“Merger of equals” between the LSE and the Deutsche Boerse lopsided? Against whom?
The proposed merger between London Stock Exchange and Deutsche Boerse has begun to detail itself as less than a ‘merger of equals’ and has attracted a rather unsavory political diatribe. The two traditional exchanges have spent the last few months working to keep London and Frankfurt happy in the hopes of seeing the deal going forward. However, […]
The proposed merger between London Stock Exchange and Deutsche Boerse has begun to detail itself as less than a ‘merger of equals’ and has attracted a rather unsavory political diatribe.
The two traditional exchanges have spent the last few months working to keep London and Frankfurt happy in the hopes of seeing the deal going forward.
However, after first catering to London’s worries by promising that derivatives trading should remain there plus a savings of £400 million a year of operational costs (merging overlapping parts of businesses and savings programs), now resistance is coming from the German side, with fears of an eroded financial hub status in Frankfurt.
After a failed merger attempt in 2001 and a failed takeover in early 2005, valuing the LSE at £1.35 billion, some are skeptical to this year’s “merger of equals”. Carsten Kengeter, CEO at Deutsche Boerse, defends that the European financial business must gain scale in order to become globally competitive, and while Germany’s exchange is quite profitable and such a deal would mean an implicit dilution of earnings to shareholders, he sees London Stock Exchange’s complementary business, with an impressive growth multiple expansion and globally diversified trajectory to be attractive to German interests.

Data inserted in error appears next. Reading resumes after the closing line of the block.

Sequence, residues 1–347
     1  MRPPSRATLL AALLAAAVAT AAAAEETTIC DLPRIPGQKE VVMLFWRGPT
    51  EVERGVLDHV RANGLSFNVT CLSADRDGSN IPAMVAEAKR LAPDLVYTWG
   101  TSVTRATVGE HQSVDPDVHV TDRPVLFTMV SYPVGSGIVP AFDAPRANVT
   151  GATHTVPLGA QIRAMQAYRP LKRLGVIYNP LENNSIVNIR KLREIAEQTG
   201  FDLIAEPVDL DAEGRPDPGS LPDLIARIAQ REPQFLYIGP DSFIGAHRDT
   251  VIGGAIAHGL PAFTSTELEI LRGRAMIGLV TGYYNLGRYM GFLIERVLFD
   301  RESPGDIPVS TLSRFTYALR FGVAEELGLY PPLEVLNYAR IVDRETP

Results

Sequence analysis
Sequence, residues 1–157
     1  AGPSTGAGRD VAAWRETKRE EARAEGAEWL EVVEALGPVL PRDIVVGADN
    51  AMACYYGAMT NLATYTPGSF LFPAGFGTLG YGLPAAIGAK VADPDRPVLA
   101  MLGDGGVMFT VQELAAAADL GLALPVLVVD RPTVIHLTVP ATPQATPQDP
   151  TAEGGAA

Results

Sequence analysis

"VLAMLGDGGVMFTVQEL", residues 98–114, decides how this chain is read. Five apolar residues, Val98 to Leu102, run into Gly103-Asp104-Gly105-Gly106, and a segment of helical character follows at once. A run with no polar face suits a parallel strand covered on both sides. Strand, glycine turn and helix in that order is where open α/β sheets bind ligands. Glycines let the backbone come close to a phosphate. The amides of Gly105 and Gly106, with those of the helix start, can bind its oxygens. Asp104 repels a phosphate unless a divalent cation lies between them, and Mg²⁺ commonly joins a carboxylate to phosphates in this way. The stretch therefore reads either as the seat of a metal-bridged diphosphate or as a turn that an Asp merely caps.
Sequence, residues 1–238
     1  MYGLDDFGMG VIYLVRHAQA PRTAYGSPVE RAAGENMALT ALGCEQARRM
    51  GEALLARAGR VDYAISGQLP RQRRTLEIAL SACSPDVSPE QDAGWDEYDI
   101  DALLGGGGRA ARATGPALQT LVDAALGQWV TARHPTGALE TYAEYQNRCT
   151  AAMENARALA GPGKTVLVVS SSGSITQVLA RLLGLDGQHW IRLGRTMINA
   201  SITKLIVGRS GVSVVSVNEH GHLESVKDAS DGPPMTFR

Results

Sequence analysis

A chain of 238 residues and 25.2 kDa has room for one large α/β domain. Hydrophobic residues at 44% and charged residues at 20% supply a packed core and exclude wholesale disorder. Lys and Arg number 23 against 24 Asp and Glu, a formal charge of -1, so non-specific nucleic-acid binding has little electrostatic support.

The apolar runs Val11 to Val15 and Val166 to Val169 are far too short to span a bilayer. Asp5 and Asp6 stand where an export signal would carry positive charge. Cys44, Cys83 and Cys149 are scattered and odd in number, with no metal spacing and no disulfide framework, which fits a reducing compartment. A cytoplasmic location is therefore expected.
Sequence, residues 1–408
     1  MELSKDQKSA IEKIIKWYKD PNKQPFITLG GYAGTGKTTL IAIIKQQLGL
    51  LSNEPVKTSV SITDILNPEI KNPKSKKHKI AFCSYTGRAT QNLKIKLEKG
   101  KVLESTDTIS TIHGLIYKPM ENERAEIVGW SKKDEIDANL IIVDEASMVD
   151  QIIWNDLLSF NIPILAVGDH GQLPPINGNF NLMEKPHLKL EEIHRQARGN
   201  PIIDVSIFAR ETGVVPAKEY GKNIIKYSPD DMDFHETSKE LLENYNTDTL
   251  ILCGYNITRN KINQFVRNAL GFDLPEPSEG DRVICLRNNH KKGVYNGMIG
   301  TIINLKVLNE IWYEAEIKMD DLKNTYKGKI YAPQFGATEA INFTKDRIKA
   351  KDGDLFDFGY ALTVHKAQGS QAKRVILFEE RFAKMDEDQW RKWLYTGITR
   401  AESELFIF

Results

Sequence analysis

A merger would actually put the new European exchange as the first in Europe and second in the world by market capitalization, just over $30 billion, two billion dollars behind the CME group.
While currently silent, ICE (Intercontinental Exchange) has shown interest in acquiring the London Stock Exchange and has until tomorrow to make a bid, under UK takeover rules. There were also rumors of interest by the CME and the Hong Kong stock exchange.
Former Deutsche Boerse director Manfred Zass considers the deal as damaging to Frankfurt’s standing, calling it an “investment banker fairy story” and that the “merger of equals” where the boss sits in Frankfurt while the domicile gets to be in London creates a “recognizably lopsided Frankfurt”, he told German magazine Boersen-Zeitung.
Politicians seem to share the thought, with former Eschborn (Frankfurt suburb) mayor Wilhelm Speckhardt to call it an “unimaginable catastrophe for the town”.
Mr. Kengeter, Beutsche Boerse CEO, is confident that the deal will be made, regardless of the result of the UK referendum in deciding whether or not to stay in the European Union. The deal is expected to be complete in Q1 2017. The last time a Deutsche Boerse CEO attempted a M&A with the London Stock Exchange, he was forced to resign by the main shareholders.
The “merger of equals” will retire LSE CEO Xavier Rolet and distribute ownership in a less equal fashion: 45.6 percent to LSE shareholders and 54.4 percent to the Deutsche Boerse owners, reflecting market capitalization.